Tools to detect websites’ techs

As a web developer, most of the time I come across cool stuff (technology-wise) once I’m surfing the web and I’m always wondering, what kind of framework, library or technology has been used for their development.

I used to go with old school methods like viewing the website’s source code or inspecting elements (through dev tools) in my browser to grasp the libs and frameworks used in the web page. But you know, it takes time and thought, sometimes the code doesn’t make much sense and for some libraries about which we know almost nothing , it gets tricky to realize how things are working in the page.

In this post, I’m goint to introduce some handy tools I’ve found to detect tech stuff quickly with actually no effort.

One of my favorite tech detectors is Wappalyzer, which is actually an add-on for Chrome, Firefox and Opera browsers. You just need to simply install the add-on and that’s it! Once you’re surfing the web it’s going to show you all the detected technologies through icons in your address bar.If you click on the icons, it shows a full list of the used stuff. It can detect the server-side tech stacks/platforms, web servers, even the CMS used, and all the JavaScript libraries. If you’re wondering about any of them you can see a brief introduction to the tech in the Wappalyzer website (by clicking on tech name in the list) and go to the official website of the pertinent technology.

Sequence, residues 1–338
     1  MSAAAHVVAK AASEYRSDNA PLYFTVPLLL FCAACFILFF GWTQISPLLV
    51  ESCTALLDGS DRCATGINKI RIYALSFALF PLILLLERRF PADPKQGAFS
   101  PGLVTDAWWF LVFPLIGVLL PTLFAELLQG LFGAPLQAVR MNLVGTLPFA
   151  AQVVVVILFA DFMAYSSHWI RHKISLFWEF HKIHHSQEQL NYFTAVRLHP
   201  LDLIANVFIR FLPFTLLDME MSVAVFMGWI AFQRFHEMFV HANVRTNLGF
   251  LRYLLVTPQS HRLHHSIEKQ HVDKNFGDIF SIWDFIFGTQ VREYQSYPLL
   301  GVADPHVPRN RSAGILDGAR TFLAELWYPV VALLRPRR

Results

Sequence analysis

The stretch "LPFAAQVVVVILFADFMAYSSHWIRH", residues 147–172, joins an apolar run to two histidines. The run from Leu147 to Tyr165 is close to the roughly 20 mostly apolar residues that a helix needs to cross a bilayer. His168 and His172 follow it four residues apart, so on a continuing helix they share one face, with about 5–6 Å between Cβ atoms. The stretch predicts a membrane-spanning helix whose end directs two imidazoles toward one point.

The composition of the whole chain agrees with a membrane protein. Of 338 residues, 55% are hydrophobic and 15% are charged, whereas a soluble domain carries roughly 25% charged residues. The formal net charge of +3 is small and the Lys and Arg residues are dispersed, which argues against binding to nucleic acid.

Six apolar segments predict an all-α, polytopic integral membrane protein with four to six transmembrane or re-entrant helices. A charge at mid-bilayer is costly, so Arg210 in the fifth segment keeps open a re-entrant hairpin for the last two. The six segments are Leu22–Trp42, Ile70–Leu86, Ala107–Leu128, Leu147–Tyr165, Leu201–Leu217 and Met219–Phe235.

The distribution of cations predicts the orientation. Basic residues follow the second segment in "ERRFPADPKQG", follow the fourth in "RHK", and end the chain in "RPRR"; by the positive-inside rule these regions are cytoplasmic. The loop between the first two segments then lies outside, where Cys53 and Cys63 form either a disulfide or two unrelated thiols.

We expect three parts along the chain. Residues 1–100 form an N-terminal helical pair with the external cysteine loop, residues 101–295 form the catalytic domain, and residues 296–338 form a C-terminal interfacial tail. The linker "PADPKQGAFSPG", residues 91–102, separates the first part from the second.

Builtwith is another cool  web-base tech detector I normally use. All what you need to do is to put the URL in and see the result. It shows much more details about the hosting, and server-side aspects.



Robotics and IoT through Cylon.js

In this topic, I’m going to introduce a cool JavaScript library for Robotics and IoT lovers. It’s called Cylon.

Using this library you can easily interact with other devices whether through a web browser or server-side NodeJs code.

Cylon brings the exciting robotics and the Internet of Things world to JavaScript. At this point of time it supports 50+ different platform devices plus a general purpose I/O supports with a shared set of drivers provided by cylon-gpio module.

The figures below show the most famous platforms supported by Cylon. You can find a full list of them here.

Cylon supported platforms
Cylon supported platforms
Cylon supported platforms

Using these 3 basic plugins, Cylon enables you to send and receive data with other devices even in a real-time streaming manner:

  • http/https (REST)
  • library
  • MQTT(an Internet of Things machine to machine connectivity protocol)

Here are some examples of using Cylon :

The code below contols an ARDrone, takes off and then lands again:

"use strict";

var Cylon = require("cylon");

  connections: {
    ardrone: { adaptor: "ardrone", port: "" }

  devices: {
    drone: { driver: "ardrone" }

  work: function(my) {
    after((15).seconds(), my.drone.stop);

Working as a software architect and developer on Network and Environment monitoring applications, I think it would be a great API gateway for the next generation of monitoring applications.  And I strongly believe that the combination of devices like smart phones, drones, sensors, robots, and so forth plus libraries like Cylon.js and cloud services like AWS IoT, would open new horizons of innovation in the new future, and makes the world much closer to what we would imagine in the Sci-Fi movies.

If Cylon is of your interest take a look into these tutorials and samples: